As graduation approached, a high school senior wrote on the whiteboard, “11 days until graduation!!” Someone drew a line through “graduation” and changed the sentence to read, “11 days until freedom!!” In one U.S. History course a study packet was prepared and handed out to the students. It was designed to help students prepare to pass the state required “End of Course” exam. As I looked it over, I was impressed with the content. It would make a great study guide not only for high school but for college as well. It contained concise information about people, places, documents, dates, movements, wars, politics, geography and social issues. It had internet resources for further study. I was disappointed when I found many of the packets were either left on desks or thrown on the floor. Some were tossed into trash cans in the hall.
I have known many students who get caught up in the exciting new social life at college. Their objectives are to get a degree and to have lots of fun in the process. Rather than paying the daily price of conscientious study and preparation for classes, they seldom buy textbooks, let alone read them. Their preparation for tests involves intensive cramming sessions in which they memorize summaries and then regurgitate the information for tests. After that, they can forget what they have “learned.” Using this “clever” study philosophy they consistently receive good grades and many even graduate with honors.
But sooner or later they have to pay the price for their short-sightedness. Eventually, competition among students, or fellow workers, becomes stiff. They find that other students or workers seem far more informed than they; they seem to be able to think more clearly, to analyze, and to create. All of a sudden thinking and decision-making is all important along with the ability to communicate. They wake up and ask themselves, “What have I done? I have deceived myself. My old short-cut techniques won’t work here. What do I do now?” They try to shift the responsibility, blaming their alma maters, their teachers, and then in honesty--themselves.
The laws governing mental or social or spiritual development are as immutable and unswerving in their spheres as are the laws governing physical development. It’s called the Law of the Harvest. You don’t become a great NBA basketball player overnight; you must pay a price. People grow mentally, socially, emotionally, and spiritually only to the degree they obey on a daily basis the laws governing such growth. “There is a law irrevocably decreed in heaven before the foundations of this world, upon which all blessings are predicated—And when we obtain any blessing from God, it is by obedience to that law upon which it is predicated. (D&C 130:20-21.) Ralph Waldo Emerson said that “every act rewards itself.”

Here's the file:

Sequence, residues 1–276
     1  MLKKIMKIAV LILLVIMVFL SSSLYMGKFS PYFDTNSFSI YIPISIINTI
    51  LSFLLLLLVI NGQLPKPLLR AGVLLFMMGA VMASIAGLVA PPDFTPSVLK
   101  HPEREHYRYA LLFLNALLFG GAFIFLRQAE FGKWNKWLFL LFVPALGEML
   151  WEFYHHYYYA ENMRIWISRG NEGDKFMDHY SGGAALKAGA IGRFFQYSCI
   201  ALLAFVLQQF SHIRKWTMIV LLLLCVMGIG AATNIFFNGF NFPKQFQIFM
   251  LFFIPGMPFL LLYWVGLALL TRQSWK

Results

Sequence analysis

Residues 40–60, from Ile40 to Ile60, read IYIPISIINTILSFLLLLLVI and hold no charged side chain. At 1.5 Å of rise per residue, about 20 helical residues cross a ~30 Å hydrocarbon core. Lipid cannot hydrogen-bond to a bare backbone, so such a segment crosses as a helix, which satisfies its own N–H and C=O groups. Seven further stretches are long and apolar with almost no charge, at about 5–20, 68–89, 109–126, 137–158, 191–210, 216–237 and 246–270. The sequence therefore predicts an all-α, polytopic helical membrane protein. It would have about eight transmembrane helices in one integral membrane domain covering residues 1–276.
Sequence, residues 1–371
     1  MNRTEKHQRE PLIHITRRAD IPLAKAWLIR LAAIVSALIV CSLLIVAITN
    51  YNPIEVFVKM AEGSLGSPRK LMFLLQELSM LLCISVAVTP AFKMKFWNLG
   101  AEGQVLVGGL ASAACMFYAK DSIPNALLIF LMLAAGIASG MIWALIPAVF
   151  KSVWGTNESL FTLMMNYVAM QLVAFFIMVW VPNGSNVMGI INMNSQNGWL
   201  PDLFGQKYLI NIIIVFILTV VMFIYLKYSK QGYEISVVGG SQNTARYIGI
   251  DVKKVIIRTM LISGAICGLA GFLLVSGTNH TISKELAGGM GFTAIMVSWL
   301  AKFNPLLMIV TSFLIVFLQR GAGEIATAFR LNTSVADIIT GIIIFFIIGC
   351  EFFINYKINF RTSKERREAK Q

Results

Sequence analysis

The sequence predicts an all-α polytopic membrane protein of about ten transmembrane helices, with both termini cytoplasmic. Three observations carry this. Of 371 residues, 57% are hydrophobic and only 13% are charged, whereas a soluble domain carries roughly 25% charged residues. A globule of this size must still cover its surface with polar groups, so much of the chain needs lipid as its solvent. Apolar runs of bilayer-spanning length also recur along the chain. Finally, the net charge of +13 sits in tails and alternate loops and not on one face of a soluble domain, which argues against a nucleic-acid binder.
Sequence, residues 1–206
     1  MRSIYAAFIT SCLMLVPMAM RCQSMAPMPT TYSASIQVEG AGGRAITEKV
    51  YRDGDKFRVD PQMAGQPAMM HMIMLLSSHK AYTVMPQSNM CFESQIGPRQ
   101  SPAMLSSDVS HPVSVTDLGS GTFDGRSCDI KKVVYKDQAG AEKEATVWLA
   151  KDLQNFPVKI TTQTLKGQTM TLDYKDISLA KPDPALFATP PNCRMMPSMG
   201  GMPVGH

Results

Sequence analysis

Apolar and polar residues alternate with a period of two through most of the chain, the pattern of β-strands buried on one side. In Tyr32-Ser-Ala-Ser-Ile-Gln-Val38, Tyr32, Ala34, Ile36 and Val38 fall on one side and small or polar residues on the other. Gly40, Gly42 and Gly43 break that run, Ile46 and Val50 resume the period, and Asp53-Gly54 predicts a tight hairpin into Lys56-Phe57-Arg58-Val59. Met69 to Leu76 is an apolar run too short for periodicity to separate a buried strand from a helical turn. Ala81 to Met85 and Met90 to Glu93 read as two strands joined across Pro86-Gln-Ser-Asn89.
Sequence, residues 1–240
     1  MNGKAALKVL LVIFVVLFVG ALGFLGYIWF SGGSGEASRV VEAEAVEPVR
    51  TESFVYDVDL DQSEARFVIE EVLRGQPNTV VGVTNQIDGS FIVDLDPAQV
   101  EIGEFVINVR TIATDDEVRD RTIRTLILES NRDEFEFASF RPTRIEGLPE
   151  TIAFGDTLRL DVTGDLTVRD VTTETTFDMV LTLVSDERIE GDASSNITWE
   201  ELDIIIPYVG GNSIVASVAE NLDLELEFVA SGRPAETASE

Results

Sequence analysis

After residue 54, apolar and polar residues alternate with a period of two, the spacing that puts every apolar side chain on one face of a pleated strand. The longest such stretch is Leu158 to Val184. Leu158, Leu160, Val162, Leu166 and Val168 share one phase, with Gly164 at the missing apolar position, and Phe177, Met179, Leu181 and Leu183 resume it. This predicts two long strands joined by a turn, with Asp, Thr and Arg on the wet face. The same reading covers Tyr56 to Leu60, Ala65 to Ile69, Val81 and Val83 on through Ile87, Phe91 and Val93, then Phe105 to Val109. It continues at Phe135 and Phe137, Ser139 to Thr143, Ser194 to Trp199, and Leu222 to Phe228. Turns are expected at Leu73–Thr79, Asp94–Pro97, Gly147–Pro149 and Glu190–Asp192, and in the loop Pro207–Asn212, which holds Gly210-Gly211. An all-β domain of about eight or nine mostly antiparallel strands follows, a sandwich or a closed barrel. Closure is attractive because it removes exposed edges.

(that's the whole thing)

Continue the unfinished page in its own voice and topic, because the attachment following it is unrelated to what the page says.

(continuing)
Nations are also subject to basic principles. You can absolutely rely on this—a nation cannot violate basic principles with impunity, that is, without paying the price, any more than an individual can violate basic principles with impunity. We hear a lot of economic and political arguments going on around the country today. We hear words like “socialism,” “free enterprise,” “the welfare state,” “states’ rights,” “federal control,” “human rights,” “property rights,” and “communism,” Sometimes we wonder what these words mean because they are used with such a variety of meaning.
There appears to me, though, to be a trend to shift responsibility for life and its processes from the individual to the state. In this shift there is a general violation of the Law of the Harvest, or the law of justice. The attitude of “something for nothing” is encouraged. The government is often looked to as the source of wealth. There is the feeling that the government should step in and take care of one’s needs, one’s emergencies, and one’s future.
Just as students can become slaves to their own ignorance and bad habits by refusing to accept responsibility for their own education and moral growth, so, also, can an entire people be imperceptibly transferred from individuals, families, and communities to serfs of the Federal Government.
If you deprive a man of his right to fail in the righteous use of his property, you also deprive him of his right to succeed. If you remove from a man his right to “go to hell,” you likewise remove his free agency to go to heaven. Under a free enterprise economy, a little more than 6 percent of the population has produced nearly half of the world’s goods. To sap the self-reliant spirit of enterprising independent souls in the development of a welfare state can bring only “poverty equally divided.” When the responsibility for our own welfare is completely shifted from the shoulders of individuals and families to the state, a lethal blow is struck at both the roots of our prosperity and our moral growth. When we as a people do not use our freedoms responsibly and righteously, we will gradually lose these freedoms.
Just as high school students yearn for “freedom”, if we ignore basic principles in our desires for freedom from fear, we are sowing the seeds of slavery and we will reap the harvest even though we might rationalize to ourselves, “I am free.” “Be not deceived; God is not mocked: for whatsoever a man soweth, that shall he also reap (Galatians 6:7). (Based on a discourse by Howard W. Hunter, March 8, 1966)